Who do you write for?
Here are several possibilities:
Anyone who will read what you write
A distinct group of people
Writing for you
Some folks write in a journal to log their history or make sense of what happens to them. Others find writing how they feel improves their mental well-being. Getting feelings onto paper offers stress relief.
You may also write to discover what you think. The idea sounds peculiar, but the process of writing can help you complete thoughts and develop opinions.
As you can see, writing just for you is beneficial. Often, however, people who write for themselves do so online because they want an audience too.
If you wish to rivet an audience and not bore the pants off them, you must remember what you find spellbinding about your trip to Starbucks or unraveling the rubble in your head may make your audience yawn.
Before writing, consider whether what you want to say is valuable, not only to you, but to likely readers. What’s in it for them?
Writing for your tutor
If you’re a student, you still write for you. You need to log your ideas and record what you learn. However, you write for tutors too. You hand in assignments and projects, many of which chart your progress and might contribute to qualifications.
You know your work needs to impress whoever hands out grades. But it’s important to recognize the purpose of the writing you produce, which is to show you grasp the topic at hand.
It isn’t useful to regurgitate what you read because your job isn’t about uncovering facts; it’s presenting the knowledge you acquire in such a way it clearly demonstrates your understanding.
Writing for anyone
Although hit-and-miss, not having a specific audience in mind is okay if you enjoy blogging for the hell of it and don’t care whether people read your work. Most often, though, it’s an awful plan.
Like it or not, the public aren’t really general. They have diverse desires and views. Write without thinking of a niche in which your writing fits — and the accompanying community — and your work might not be popular.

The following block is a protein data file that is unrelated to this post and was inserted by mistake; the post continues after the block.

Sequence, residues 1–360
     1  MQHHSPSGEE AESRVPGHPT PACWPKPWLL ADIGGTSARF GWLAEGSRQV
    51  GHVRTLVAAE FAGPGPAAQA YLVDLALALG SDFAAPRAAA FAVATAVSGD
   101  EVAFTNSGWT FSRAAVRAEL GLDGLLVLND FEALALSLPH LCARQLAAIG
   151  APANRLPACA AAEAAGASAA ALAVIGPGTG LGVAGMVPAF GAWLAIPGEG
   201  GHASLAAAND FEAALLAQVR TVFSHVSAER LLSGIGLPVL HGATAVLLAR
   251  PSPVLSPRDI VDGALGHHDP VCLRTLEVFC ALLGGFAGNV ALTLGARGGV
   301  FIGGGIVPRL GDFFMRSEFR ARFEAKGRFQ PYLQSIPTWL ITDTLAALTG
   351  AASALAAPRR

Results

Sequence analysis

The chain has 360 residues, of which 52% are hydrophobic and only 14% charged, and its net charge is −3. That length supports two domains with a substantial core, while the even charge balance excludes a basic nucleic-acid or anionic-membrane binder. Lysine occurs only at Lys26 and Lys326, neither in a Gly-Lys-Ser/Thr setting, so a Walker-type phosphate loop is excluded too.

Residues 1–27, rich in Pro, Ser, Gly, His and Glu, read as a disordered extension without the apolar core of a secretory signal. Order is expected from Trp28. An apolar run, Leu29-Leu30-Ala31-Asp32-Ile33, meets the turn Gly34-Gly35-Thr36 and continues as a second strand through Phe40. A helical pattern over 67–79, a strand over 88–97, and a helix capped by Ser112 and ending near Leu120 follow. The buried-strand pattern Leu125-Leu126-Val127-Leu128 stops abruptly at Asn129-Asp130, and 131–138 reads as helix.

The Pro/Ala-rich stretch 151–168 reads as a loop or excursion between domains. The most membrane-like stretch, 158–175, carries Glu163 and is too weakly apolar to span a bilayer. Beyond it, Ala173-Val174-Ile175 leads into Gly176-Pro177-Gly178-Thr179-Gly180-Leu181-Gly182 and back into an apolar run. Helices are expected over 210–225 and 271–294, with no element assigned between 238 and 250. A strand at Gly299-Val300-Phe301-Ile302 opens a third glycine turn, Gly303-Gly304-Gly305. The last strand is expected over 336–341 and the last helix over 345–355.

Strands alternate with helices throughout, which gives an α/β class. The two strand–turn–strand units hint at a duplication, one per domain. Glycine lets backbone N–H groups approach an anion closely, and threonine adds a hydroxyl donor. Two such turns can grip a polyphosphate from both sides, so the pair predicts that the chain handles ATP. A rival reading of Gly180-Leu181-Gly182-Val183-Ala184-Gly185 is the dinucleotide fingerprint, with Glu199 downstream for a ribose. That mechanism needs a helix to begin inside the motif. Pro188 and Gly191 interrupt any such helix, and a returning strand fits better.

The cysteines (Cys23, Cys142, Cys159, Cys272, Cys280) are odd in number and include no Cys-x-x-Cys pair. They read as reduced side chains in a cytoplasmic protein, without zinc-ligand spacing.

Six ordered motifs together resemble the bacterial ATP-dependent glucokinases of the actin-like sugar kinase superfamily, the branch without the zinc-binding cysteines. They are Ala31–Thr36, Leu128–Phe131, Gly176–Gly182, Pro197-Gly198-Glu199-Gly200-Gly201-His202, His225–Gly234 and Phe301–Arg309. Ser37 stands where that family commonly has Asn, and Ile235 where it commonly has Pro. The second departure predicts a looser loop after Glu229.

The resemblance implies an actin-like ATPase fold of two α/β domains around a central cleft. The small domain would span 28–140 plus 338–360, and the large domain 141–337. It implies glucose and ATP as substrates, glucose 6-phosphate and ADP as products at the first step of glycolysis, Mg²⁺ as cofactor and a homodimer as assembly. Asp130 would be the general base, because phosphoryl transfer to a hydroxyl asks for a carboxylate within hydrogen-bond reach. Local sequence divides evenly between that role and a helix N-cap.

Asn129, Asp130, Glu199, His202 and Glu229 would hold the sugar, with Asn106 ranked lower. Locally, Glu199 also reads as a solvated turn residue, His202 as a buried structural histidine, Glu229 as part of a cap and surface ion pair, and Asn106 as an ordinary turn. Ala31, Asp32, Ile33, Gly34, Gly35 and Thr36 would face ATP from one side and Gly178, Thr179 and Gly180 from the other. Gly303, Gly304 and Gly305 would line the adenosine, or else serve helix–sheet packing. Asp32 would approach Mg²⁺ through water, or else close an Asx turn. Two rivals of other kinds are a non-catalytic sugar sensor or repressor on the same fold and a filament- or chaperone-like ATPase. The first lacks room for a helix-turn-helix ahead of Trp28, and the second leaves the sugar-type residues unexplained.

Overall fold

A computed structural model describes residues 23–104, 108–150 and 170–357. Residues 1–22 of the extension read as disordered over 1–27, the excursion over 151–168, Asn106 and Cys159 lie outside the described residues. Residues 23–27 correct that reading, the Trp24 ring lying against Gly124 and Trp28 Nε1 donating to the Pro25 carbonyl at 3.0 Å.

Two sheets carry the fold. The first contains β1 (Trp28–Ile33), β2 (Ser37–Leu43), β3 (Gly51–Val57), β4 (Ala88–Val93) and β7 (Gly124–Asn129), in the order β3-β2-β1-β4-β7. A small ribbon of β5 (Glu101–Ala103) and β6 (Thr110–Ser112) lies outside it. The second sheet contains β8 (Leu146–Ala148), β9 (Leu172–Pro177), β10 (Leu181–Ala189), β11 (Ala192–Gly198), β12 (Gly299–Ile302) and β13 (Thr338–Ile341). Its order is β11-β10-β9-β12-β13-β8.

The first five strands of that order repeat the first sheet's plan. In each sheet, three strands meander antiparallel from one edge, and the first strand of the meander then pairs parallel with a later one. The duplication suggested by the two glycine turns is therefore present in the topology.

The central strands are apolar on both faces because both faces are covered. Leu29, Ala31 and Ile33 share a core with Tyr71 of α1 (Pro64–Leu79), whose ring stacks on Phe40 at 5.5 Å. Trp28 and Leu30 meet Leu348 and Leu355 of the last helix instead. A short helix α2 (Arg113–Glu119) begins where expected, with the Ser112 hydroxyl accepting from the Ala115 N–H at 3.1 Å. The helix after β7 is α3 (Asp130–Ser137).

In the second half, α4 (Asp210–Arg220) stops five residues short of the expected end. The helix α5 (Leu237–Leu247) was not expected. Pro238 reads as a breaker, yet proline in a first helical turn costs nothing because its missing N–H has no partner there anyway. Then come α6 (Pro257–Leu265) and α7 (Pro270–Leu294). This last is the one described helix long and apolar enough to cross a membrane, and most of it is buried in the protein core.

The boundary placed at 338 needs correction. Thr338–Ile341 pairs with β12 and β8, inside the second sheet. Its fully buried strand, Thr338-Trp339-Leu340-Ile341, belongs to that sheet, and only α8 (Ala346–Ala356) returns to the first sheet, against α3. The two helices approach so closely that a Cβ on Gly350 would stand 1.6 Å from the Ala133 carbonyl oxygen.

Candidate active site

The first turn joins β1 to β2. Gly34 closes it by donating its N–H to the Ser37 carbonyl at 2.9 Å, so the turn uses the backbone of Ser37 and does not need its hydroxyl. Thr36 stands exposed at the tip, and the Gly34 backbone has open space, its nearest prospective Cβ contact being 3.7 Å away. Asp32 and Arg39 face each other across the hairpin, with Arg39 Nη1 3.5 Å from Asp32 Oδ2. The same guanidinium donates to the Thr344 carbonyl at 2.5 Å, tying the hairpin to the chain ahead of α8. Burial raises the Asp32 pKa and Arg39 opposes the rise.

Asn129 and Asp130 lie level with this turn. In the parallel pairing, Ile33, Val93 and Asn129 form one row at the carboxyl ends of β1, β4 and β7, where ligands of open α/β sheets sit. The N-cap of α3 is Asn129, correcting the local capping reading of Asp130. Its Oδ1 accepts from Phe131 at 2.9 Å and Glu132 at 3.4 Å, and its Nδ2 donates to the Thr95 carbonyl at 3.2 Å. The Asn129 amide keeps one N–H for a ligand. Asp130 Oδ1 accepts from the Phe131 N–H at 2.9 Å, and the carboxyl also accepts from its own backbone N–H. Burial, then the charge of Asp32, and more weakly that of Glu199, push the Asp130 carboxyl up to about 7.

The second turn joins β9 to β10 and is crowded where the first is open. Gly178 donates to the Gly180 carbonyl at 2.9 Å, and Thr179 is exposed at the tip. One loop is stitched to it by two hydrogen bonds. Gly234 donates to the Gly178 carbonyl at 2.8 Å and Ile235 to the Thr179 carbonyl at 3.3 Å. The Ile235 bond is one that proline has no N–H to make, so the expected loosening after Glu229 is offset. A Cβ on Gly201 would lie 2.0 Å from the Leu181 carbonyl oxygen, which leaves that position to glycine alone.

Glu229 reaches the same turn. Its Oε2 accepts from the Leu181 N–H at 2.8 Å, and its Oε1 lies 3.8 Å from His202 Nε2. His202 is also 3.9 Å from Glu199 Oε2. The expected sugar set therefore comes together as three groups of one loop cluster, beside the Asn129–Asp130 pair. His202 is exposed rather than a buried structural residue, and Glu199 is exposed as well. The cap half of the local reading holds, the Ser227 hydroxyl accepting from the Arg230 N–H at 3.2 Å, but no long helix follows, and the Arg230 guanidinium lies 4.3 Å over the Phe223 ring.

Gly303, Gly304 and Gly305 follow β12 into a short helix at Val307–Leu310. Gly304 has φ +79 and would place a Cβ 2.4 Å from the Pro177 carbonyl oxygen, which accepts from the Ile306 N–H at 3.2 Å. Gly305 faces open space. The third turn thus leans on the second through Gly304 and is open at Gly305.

Writing for specific groups of people
If you write for online publications, perhaps you have a distinct group of readers in mind. You may expect your articles to attract people with similar tastes and an interest in the subjects you cover.
Even if you have a nebulous idea who your readers are, you might misunderstand how to appeal to them. Each community enjoys, not only particular issues, but definite styles of writing, including structure and the words used in articles. Write without planning to please your readers and they won’t be absorbed in your writing.
How to aim your writing to fit your audience
You may imagine you need only write about the prominent topics of the day to meet the demands of your readers, but this is a mistake. Your work, although well-researched and interesting, may still be a turn off to the community you want to engage.
Each niche community like a particular style of writing. Don’t believe me? Check it out. Examine trending articles with a huge readership in the areas you want to write for and note common characteristics.
Look for these qualities:
1. Conversational or academic style. Note slang and occasional swearwords or formal language (or somewhere between the two)
2. First, second, third person narrative?
3. Use of quotes, statistics, and references to expert knowledge
4. Personal information
6. Pictures and other illustrations accompanying written work
7. Added videos, audios, buttons, links
8. Headings and subheadings
9. Paragraph length
10. Specific word usage in common
11. Humor or straight (or a mix)
Not all prominent writers follow consistent formulas, but they seldom stray too far off the path they know their readers enjoy.
Popularity can also stem from being around long enough. Familiarity sometimes pays. Plus, if you keep producing decent writing readers will appreciate it’s worth looking at your work.
If you haven’t yet considered aiming your writing at a niche community by echoing the style they enjoy why not try? You’ve got nothing to lose and plenty to gain.
Alternatively, bear an individual reader you know in mind and write for them. Only, make sure you pick someone who fits the demographic you want to appeal to and you’ll reap rewards.
Copyright © 2018 Bridget Webber. All rights reserved